September 12, 2011

Perforce admins, the 2011.1 release is for you too

What's New
Healthcare

I was talking to a Perforce administrator recently, and he asked if there was anything in the 2011.1 release that he should care about. I did a double take, because there's actually a lot in this release that will make his job a bit easier. But fair point: the 2011.1 release includes streams and the revamped integration engine, which tend to get most of the attention.

So here's a quick run-down of some parts of the 2011.1 release that all Perforce admins should know about:

  • Ever have one of your Perforce server file systems fill up? Reaching 100% capacity on the P4ROOT file system causes all sorts of pain. There are a lot of monitoring tools that keep an eye on disk capacity, but the new p4 diskspace command lets you quickly check the capacity of any file systems used by the server.
    > p4 diskspace
    P4ROOT (type NTFS) : 98GB free, 364GB used, 462GB total (78% full)
    P4JOURNAL (type NTFS) : 98GB free, 364GB used, 462GB total (78% full)
    P4LOG (type NTFS) : 98GB free, 364GB used, 462GB total (78% full)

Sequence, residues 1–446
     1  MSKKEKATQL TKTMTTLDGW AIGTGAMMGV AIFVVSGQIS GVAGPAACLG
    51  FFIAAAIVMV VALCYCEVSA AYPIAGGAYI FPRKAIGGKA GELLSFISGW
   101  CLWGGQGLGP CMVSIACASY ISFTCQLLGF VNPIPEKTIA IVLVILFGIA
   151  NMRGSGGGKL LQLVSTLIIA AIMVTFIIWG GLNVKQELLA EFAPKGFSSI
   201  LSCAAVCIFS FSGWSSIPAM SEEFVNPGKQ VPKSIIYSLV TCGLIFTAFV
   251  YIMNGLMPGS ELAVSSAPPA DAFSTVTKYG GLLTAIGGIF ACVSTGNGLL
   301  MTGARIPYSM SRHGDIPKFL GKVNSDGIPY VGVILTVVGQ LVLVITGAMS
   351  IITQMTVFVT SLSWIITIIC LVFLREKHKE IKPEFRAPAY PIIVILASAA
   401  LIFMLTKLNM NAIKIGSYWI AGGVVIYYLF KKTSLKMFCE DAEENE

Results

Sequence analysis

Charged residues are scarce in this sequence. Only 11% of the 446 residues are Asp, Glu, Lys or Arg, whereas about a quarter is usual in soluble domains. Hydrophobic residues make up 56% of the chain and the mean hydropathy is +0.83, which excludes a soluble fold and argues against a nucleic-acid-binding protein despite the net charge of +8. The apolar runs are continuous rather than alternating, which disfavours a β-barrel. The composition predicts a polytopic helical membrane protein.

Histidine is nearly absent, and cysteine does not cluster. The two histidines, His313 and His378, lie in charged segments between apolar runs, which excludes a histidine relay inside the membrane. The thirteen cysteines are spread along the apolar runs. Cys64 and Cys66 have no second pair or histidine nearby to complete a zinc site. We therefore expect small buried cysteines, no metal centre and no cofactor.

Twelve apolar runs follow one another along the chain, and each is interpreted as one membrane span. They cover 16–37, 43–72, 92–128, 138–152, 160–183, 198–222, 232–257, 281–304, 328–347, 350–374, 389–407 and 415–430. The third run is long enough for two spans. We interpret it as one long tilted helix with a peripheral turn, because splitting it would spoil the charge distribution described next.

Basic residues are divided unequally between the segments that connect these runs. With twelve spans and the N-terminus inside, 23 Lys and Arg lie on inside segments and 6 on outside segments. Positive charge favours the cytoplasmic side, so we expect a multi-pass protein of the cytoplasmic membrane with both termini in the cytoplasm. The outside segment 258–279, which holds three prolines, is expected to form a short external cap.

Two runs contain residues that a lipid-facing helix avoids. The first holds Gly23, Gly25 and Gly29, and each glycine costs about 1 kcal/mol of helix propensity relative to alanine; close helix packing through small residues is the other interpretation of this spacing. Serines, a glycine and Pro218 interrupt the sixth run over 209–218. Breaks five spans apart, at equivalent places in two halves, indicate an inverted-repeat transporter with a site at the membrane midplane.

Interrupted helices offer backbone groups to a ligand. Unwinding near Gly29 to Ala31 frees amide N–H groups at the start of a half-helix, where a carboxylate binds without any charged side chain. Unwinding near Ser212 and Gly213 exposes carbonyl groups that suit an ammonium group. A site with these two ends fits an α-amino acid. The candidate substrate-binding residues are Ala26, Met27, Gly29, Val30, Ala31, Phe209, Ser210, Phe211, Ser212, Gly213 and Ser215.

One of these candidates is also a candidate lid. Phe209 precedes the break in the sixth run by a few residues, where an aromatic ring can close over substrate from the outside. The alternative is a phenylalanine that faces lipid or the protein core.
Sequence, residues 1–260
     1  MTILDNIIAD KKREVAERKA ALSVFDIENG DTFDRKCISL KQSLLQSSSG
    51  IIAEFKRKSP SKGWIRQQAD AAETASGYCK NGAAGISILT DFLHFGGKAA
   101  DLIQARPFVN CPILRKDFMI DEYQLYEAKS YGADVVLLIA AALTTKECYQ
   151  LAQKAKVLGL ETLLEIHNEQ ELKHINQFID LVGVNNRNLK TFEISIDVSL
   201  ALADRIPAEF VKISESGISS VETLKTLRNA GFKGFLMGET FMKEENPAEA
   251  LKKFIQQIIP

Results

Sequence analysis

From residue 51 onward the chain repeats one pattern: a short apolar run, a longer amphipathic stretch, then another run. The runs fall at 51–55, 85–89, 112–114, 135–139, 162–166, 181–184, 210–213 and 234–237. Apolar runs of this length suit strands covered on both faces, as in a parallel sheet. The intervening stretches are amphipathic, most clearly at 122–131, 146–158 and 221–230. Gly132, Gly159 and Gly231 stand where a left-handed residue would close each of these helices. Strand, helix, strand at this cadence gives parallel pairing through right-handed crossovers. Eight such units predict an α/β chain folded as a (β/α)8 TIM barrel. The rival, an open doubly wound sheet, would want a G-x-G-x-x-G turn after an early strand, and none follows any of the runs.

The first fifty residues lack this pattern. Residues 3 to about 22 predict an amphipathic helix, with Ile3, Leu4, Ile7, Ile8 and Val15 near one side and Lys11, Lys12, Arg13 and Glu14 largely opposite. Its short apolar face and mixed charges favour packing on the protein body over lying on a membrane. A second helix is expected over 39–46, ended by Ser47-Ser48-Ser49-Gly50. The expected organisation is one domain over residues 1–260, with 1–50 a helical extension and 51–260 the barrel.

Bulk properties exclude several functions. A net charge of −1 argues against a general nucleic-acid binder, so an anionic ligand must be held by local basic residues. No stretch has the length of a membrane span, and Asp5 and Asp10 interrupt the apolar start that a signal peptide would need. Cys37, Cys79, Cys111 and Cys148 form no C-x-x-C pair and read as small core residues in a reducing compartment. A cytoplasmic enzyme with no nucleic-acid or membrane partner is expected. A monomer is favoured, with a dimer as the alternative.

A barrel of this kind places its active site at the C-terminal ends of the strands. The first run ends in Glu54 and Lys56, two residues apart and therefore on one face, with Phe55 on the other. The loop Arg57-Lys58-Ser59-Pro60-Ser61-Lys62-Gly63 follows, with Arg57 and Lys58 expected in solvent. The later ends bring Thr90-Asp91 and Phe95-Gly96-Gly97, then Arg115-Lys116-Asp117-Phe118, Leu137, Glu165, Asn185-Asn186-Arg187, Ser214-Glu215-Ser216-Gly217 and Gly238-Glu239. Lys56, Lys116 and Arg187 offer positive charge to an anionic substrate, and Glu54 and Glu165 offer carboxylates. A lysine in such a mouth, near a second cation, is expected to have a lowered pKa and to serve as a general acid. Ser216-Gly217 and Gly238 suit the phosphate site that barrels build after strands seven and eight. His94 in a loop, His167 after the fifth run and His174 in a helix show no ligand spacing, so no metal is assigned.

TEMP (type NTFS) : 98GB free, 364GB used, 462GB total (78% full)
    depot (type NTFS) : 98GB free, 364GB used, 462GB total (78% full)
    
  • If you have a large Perforce installation, you may have noticed that commands like p4 verify can take a long time to complete if you're scanning big chunks of the repository. p4 monitor now allows you to pause and resume long running tasks. (Of course, normal verification can take place on a warm spare or replica, but being able to pause tasks is nice for ad-hoc situations.)
  • Even after introducing dynamic configuration, some settings, like the server's temp directory, can only be modified by restarting the server. The new p4 admin restart command will gracefully shut down the server, reload all of the configuration settings, and start the server again.
  • Worried about possible data corruption after a power outage? The p4 dbstat command will now report on some cases of database corruption.
  • Server logging is turned on by default, making it easier to keep an eye on the Perforce server. You'll probably want to specify where that log file goes, and keep an eye on the disk space (and rotate the log periodically).
  • Running a Perforce server without a license for personal use? p4 license -u will report how close you are to bumping up against the licensing limits.
    > p4 license -u
    ... isLicensed no
    ... userCount >2
    ... userLimit unlimited
    ... clientCount >5
    ... clientLimit unlimited
    ... fileCount 483
    ... fileLimit 1000
    

As always, the 2011.1 release notes have full details on these improvements.

If you're a Perforce admin, keep your requests coming! A lot of the improvements noted here are the direct result of somebody saying, "Wouldn't it be nice if..." Many of us have done daily Perforce administration before, so we're always looking for ways to make that job easier.